lowliest, of my friends if they hav
the price ot a Rallon or two I pay
for it the attention, so do they.
I was independent thirty years
ago. I had amassed $25,000 ami was
making $2,500 a year at least. I
made a good deal more Inter, arm
ten years ago I counted myself rich
I still have property. My Income ts
about $5,000 a year- it seems yester
day that I would have regarded ii
princely. Four years-ago it was $8.
000. and at one time it was (for a
year or two) $15,000
My boy in college and my girl
need as much as when my income
double what it is umi what i ,
more to the point, they get it. Peo
ple have got to live. That is whv l
am spending $3,000 a year ot my
'capital' nowadays. If I did not buy
a car occasionally, who would? You
say that the negroes arc picking
cotton for thirty-five cents* a hun
dred pounds. You don't expect nie
and my wife and children to live
like a nigger,’ do you?
"It would not be hard for me so:
resume my way of living in 1900 i
When a Ihanksglvlng turkey gob
bler cast a dollar and a half. T ■
think I could accommodate mvselt
to hard times as Jacob and hist
boys did when the famine struck!
Canaan—but can you accommo-1
date yourself to the accommoda
tions that your boys and girl* deen
their right*—not their 'God-given
rights,' for they are not thinking
much about God: what they want u
their rights. God or no God My
boys are not sons of Jacob, and the
Idea of famine is as far nwny from
them as Jacob Is.
My cousins, in another state,
from which I came, think of me a1
a rich man I have letters from
them telling me how poor they arc
and that the exjienses when one
had the baby were 300. They
live in villages, some of them on
farms. They are very poor and fall
ing behind, and as rich as l am and
don't guess it..
"Yes, if the people would, as you
say, 'face the music,‘ get down to
bed rock agatn, aw imp and work,
as they once did, they would be all
right. They don't They have ntit
any notion of doing that. They
don't know what you mean. They
don't understand the language h
is Greek to them.
"And speaking ot Greek, you'
have more than hinted that for
eigners, Italians, Greeks, all sorts
of •aliens, will own this Southern
country. I think so. If a man with
$5,000 and children about grown
can't live on It, his children should
in a few years work for the 'aliens'
and be thankful to them, for other
wise they might perish. I am that
man, by the way. And my name Is
Anonymous 1 am ashamed of my
Aged Deer With A
Club Foot Killed
Spruce Pine. A large deer, with
a club foot and showing signs of
advanced age, was killed by Halph
Young in the Crabtree community
a few days ago, according to a re
port received here The buck, an
unusually large one, U believed to
be one which has been roaming the
woods in that section for years, the
track being identical to one seen
by hunters many times in the past.
Young killed the deer with a shot
gun while standing In a clearing on
Dexter Cox’s land.
Pwwpl and Practice,
Football coach (to players)—And
remember that football devel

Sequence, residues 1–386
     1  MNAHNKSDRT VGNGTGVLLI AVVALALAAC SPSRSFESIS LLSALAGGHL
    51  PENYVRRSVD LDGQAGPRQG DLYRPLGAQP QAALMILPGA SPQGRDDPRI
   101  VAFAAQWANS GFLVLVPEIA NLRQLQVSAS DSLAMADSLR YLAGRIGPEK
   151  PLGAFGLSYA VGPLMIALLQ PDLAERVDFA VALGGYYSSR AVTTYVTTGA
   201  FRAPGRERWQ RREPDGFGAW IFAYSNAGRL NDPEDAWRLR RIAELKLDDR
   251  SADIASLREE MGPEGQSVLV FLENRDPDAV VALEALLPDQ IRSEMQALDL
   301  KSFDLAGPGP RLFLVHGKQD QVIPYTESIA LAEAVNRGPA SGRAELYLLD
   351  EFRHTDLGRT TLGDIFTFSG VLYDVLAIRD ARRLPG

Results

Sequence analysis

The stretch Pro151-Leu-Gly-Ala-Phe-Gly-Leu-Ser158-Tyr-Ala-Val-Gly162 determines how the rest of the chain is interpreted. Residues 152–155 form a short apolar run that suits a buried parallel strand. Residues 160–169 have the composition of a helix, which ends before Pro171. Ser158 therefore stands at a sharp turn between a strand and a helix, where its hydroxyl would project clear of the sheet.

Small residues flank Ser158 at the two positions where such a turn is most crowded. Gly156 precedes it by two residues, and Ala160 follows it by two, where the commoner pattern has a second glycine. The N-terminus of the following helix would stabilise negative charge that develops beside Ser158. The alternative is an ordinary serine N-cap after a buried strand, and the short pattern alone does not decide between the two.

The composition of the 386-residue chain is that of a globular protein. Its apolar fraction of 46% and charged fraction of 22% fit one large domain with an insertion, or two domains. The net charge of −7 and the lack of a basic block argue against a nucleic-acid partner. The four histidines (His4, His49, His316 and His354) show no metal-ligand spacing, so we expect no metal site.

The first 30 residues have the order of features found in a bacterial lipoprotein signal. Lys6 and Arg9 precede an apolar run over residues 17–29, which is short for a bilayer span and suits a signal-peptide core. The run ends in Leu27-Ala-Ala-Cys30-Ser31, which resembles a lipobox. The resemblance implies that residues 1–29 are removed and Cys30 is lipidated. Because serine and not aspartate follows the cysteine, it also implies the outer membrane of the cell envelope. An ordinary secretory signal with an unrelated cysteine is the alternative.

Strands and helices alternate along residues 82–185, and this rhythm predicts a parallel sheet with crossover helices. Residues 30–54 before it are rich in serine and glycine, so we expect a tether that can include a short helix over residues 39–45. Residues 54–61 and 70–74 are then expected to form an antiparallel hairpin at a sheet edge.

ops Individuality, Initiative and lead
ershtp. Now get in here and do ex
actly as I tell you.—Life.
Both wets and dry* report some
Never Too Lale!
nainrr youimul appearing Rich
ard Denny, of Noblesvllle, Ind., who
gave hi* age a* 05 and said he had
been married seven times, after he
walked Into the office of the coun
ty clerk and asked for a license to
wed Mrs. America Moody, just 10
years his Junior. Denny Is believed
to be a record-holder In Indiana
for taking out a marriage license
at his age.
Mistress—Weren't you surprised to
to see that your master was able to
write your name on the dust on
Maid—Yes, mum, but I was-more
surprise to see that he’s spelled tt
never parehed3 never toasted
Camels are Kept Fresh!
^.OL' probably know that beat is used in
the treatment of all cigarette tobaccos.
But you know loo that excessive heat
can'’destroy freshness and fragrance.
That’s why there could be no truly fresh
cigarette except for scientifically developed
methods of applying beaL
Reynolds is proud of having discovered
and perfected methods for getting the
benefits of heat treatments and still avoid
ing ever parching or toasting.
With every assurance we tell you, Camels
are truly fresh. They’re made fresh —not
parched or toasted—and theh they’re kept
fresh in the Camel Humidor Pack.
If you wish to know why the swing to
Camels is nationwide and steadily growing
— switch to them for just one day —then
leave them, if you can.
You needn’t tell me
— I know Camel is
the fresh cigarette!
Made FRESH ~ Kept FRESH
H. J. REYNOLDS TOBACCO COMPANY
Winston-Salem, N. C.
R. I. Reynolds Tobacco Company's
Coasi-to-l'oast Radio Programs
camel quarter hour, Morton Downey, Tony Wont, and
Camel Orchestra, direction Jacques Renard, every night
except Sunday, Columbia Broadcasting System
PRINCE ALRCRT quarter Hora, Alice Joy, “Old Hunch,*
and Prince Albert Orchestra, direction Paul Van Loan,
every night except Sunday, N. B. C. Red Network ,
See radio page of local newspaper for Urn -
Don't remove the moisture-proof wrapping from
your package of Camels after you open it. The
Camel Humidor Pack is protection against sweat,
dust and germs. In offices and homes, even in
the dry atmosphere of artificial heat, the Camel
Humidor Pack delivers fresh Camels and keeps
them right until the last one has been smoked